May I say with all respect that having this intellectual knowledge is nowhere close to basking in the saving knowledge of Jesus Christ. The facts about the Bible is just to inform us that what is written isn’t a toy story but truth itself. It is intended to make you think (if you’re a believer) and to make you believe (if you’re a thinker). The Apostle Paul in spite of his great knowledge in history and languages moved beyond facts and evidence to embrace the experiential knowledge that came from acting on what he believed based on all the credible facts and evidence he had at his disposal. That is my prayer for us all. That even as we continue to search to know more about the truth, we will take it a step further to desire an experiential knowledge of our Savior and Lord Jesus Christ who sustains the whole universe by the power of His Word. God bless you.

What Are We Actually Choosing When We Choose To Be Christians? 1

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I have seen and heard so many misrepresentations of the term ‘Christian’ or ‘Christianity’ to the extent that the one-line statement I could have used to answer this question proves a little futile. Therefore, instead of providing an immediate answer to the question, I humbly ask that you follow me closely as I put some bits and pieces of information together first.

This question interests me a lot. It’s got to do with the fact that it captures the word ‘choose’. Becoming a Christian was, is and will always be a matter of CHOICE and not COERCION. In addition, it isn’t genetic too; you don’t become one by inheriting some genes from your parents who are Christians. You don’t become one by associating yourself with people who have deep reverence for God. It doesn’t work that way. It’s a decision you make on your own after weighing all the options in life; no one else makes (or has to make) that decision for you. People can be of positive influence to you in helping you make that decision but it still boils down to you. It’s a personal choice. Please note that.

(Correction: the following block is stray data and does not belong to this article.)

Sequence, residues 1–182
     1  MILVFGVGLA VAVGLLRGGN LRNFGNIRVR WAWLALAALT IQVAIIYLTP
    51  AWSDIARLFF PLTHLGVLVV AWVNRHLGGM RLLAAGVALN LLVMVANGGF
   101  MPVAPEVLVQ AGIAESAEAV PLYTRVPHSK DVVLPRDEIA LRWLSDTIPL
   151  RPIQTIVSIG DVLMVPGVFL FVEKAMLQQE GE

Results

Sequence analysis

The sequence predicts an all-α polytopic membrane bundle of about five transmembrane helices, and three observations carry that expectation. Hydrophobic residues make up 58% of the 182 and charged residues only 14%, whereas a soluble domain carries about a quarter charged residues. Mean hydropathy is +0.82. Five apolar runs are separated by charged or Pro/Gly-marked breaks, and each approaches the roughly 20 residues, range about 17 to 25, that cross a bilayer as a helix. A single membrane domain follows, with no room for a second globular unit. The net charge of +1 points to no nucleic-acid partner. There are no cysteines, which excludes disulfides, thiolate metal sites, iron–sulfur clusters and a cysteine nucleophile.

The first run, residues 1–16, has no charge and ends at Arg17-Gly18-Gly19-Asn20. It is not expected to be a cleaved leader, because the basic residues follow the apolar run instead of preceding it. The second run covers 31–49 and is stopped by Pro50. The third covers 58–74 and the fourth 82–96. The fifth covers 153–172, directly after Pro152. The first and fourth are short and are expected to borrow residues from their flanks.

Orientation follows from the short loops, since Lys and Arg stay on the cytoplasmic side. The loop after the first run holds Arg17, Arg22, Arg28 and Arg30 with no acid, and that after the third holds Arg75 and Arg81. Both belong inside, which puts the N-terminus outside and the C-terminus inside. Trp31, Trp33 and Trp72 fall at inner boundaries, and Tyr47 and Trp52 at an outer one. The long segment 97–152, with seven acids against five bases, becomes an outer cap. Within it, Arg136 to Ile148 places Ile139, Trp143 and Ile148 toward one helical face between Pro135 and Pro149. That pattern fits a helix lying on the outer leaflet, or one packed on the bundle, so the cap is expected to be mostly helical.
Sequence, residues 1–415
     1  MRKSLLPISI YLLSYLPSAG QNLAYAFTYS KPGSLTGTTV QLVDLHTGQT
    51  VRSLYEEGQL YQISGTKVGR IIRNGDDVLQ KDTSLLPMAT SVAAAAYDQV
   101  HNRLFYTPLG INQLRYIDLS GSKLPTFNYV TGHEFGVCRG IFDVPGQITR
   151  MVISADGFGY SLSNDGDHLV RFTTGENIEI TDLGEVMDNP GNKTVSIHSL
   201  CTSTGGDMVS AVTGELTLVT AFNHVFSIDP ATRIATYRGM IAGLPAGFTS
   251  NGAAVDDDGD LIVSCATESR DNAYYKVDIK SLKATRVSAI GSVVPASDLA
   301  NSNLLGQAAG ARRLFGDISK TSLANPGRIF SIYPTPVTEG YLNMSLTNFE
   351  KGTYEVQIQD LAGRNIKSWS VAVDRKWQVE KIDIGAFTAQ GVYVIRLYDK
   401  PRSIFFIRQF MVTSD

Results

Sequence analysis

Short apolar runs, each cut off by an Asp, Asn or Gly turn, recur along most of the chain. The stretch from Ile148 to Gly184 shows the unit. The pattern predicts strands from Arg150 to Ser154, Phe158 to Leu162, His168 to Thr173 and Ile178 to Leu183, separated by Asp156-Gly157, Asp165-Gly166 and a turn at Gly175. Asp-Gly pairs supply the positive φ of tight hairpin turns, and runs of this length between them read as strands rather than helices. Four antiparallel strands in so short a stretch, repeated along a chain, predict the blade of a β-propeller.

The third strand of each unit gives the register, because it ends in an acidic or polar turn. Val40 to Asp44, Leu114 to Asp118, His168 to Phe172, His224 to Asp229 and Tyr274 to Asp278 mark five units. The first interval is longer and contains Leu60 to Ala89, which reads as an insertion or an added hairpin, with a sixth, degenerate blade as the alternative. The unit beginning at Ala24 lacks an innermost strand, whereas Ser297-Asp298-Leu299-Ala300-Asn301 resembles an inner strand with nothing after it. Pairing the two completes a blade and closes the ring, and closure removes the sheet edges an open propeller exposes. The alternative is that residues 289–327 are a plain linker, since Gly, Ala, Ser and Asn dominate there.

The best way to know and understand what we are actually choosing when we choose to be Christians is to first know and understand what it means to be a Christian. I prefer we make a very short journey into the past for the purpose. The reason? Simple. I believe strongly that the usage of the term has lost critical weight in this modern era because of how it’s been emptied of its true meaning. That’s rather unfortunate. A Christian must be a disciple of Christ. I’ve been looking for a better way to describe this term and thank goodness, I found one simple power-packed definition by the Methodist Minister, Rev John Farrar (1804-1884). He said a disciple of Christ is “one who believes His doctrine, rests upon His sacrifice, imbibes His spirit, and imitates His example”.